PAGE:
You’ll want your home to be attractive to buyers, so it is important to know what to fix and what not to fix when selling a house. The last thing you want to do is consume any potential profit by spending thousands on property improvements which will add little or no value.

So what improvements are worth doing before selling a house? Clearly any structural issues or any serious issues with any electrical, gas or plumbing systems will need addressing before the sale, unless you are willing to drop the price significantly. Make sure that your property is in a decent state of repair, broken windows, holes in walls, peeling paint and terrible appliances will all conspire to put a buyer off. Don’t go overboard, though, you don’t need a new kitchen just because the tap leaks and you don’t need to repaint the entire house just because the window frames need painting.

If you are replacing appliances, opt for good quality second hand ones. Don’t be tempted to go for the big-ticket items like window replacements or heating system upgrades, they never repay what you paid for them.

Often people will ask can you sell your house if it needs repairs? Well, the answer is yes you can, but you will likely have to drop the price to compensate the purchaser for the money they will have to spend carrying out those repairs and you will have to be upfront about what repairs are needed.

If you are not yet considering selling but are looking at home improvements to boost your property’s value for the future, you’ll want to know what adds the most value to a house. Things like knocking through internal walls to create an open plan kitchen/diner is a real winner with there being a big trend towards open plan living. Garden rooms or office space are important to many people these days and are a real price booster and a loft conversion to give extra living room certainly adds a lot to the value of your property. If you are looking outside and you have the space, a sure-fire value adder is to create off-street parking.

Best time to sell a house

It isn’t only the improvement you make that will help sell your home more quickly; there is a best time to sell a house believe it or not. March is typically the best month to sell a house, but in all honesty any time in spring or early summer is great for selling. The reason for this is that the weather is turning, Christmas is a distant memory, gardens are in bloom and people just tend to have a much more upbeat view on life.
The worst time to sell a house is split between August and December and January. August is slow as it tends to be the summer holiday season and the pool of people looking is depleted and December and January are typically expensive months where people’s focus is on other expenditures. So, to get the fastest sale, March is the best time to sell a house.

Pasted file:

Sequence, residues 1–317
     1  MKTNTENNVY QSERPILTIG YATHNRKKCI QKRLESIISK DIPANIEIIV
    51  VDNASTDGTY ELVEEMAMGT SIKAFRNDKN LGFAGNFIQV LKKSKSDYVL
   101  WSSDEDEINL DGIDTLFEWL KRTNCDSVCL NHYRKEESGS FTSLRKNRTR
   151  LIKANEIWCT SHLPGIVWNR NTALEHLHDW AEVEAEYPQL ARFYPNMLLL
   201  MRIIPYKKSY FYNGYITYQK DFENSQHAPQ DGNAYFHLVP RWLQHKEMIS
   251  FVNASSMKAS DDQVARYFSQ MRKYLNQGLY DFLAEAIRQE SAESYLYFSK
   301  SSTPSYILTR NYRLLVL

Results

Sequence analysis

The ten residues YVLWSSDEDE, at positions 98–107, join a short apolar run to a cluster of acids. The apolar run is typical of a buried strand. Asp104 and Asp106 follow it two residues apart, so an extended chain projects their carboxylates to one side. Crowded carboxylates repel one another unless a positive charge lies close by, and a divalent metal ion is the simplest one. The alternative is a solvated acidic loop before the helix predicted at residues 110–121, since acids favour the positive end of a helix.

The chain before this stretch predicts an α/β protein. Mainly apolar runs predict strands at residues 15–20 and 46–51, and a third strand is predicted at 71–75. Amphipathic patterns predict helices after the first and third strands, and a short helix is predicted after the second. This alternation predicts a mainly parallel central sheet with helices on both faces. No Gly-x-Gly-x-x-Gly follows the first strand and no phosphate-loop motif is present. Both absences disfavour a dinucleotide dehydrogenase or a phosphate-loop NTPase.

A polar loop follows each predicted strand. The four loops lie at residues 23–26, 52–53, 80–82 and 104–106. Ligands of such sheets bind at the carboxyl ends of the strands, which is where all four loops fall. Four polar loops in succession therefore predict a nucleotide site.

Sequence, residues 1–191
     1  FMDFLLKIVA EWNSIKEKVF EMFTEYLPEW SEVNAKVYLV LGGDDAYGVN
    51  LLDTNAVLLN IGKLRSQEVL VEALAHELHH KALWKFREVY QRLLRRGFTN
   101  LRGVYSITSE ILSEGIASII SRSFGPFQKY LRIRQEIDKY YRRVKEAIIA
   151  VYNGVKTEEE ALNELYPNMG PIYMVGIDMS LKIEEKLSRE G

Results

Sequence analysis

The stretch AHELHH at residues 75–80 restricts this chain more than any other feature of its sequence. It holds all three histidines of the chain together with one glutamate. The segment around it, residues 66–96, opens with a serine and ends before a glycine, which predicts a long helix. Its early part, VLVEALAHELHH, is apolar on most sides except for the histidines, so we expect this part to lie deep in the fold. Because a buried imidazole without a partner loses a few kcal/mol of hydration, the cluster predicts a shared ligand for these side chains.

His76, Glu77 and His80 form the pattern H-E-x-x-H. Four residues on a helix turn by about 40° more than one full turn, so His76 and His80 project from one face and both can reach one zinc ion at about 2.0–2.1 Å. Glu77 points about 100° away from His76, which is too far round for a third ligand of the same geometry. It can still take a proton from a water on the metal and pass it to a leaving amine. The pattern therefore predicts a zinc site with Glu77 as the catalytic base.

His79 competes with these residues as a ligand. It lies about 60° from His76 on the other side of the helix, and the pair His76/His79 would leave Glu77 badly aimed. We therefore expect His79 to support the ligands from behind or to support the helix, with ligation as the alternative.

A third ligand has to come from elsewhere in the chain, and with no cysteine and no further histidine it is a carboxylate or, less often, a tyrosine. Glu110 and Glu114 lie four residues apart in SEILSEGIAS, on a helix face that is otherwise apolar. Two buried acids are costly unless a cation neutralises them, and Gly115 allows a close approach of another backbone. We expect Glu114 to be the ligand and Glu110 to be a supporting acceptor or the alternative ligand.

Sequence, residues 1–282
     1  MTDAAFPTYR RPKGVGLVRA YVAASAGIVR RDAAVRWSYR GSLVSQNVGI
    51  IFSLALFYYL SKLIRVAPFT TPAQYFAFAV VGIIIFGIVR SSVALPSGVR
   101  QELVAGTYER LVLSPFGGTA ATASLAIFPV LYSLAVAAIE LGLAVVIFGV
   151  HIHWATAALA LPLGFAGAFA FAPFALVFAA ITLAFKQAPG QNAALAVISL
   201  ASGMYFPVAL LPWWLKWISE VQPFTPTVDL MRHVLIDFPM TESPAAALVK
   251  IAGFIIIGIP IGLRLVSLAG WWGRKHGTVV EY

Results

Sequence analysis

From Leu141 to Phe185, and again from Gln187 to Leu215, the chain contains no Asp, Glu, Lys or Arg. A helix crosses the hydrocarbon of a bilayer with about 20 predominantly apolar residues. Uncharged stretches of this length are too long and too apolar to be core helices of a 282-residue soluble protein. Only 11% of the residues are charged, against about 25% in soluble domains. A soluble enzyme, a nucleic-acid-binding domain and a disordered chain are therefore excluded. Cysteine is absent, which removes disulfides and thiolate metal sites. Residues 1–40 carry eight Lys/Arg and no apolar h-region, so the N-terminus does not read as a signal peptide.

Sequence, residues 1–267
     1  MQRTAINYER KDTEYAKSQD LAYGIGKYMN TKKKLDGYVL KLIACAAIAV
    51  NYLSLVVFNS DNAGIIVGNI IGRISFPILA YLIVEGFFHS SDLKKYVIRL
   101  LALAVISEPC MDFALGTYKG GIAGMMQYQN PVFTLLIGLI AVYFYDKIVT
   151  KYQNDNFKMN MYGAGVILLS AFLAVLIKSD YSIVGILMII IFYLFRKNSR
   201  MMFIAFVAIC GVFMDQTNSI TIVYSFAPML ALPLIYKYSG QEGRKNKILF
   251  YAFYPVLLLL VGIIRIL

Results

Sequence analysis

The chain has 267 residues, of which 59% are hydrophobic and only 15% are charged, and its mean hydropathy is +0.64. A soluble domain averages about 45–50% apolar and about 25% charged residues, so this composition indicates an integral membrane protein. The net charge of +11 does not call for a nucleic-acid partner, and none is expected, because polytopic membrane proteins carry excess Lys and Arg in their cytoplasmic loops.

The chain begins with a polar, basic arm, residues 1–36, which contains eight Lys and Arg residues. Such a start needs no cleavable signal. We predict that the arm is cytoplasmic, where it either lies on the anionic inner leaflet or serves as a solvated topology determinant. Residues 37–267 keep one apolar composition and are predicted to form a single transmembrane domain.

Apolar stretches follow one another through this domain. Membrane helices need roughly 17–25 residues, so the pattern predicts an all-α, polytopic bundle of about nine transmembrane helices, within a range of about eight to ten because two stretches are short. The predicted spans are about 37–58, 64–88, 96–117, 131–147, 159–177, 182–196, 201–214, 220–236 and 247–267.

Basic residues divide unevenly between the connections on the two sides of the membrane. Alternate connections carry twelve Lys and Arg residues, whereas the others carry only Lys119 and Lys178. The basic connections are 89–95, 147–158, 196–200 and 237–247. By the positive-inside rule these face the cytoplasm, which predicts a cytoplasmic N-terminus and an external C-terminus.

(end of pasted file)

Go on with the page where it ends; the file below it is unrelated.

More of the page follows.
Selling and buying a house at the same time UK

Selling and buying a house at the same time might seem like a real hassle, but it is very common so when we are asked “can I buy and sell a house at the same time” it is very easy for us to put your mind at rest. Yes, you can indeed. It is very common as most people sell their homes to move to another one so they need to buy at the same time and it is rarely the case that you can sell your property and then leave the buyer waiting while you buy your new one. It does. However, add a level of complexity to the process, which your solicitor will help you with. It will be important to understand your finances as there are additional costs associated with the purchase such as stamp duty and extra legal disbursements for searches, surveys and also needing to pay for the deposit on your new property. It makes sense to talk to an independent financial advisor to help you with your financial review.

How to sell my share of a property

How to sell my share of a property is something we hear all the time. This can happen if couples split and need to move on or for people who are in shared ownership properties and the answer is different depending on where you fall.

Selling a Share in a Shared Ownership property

If you have a shared ownership property, which is where you own a certain percentage of the property and a 3rd party such as a housing association owns the remainder, you might be thinking “is it easy to sell a shared ownership property?”. Well, yes, it is. There are more administrative hurdles to go through, but it isn’t hard to sell a shared ownership property. If you don’t own 100% of the property, you must first give the 3rd party owner the right to either buy your share or find a buyer themselves. The property also has to have been valued by a RICS accredited surveyor. If the 3rd party does not manage to find a buyer, then you can sell the property on the market, but it must be sold as a shared ownership property to people who are eligible for shared ownership and who can buy a share equal to or higher than your share.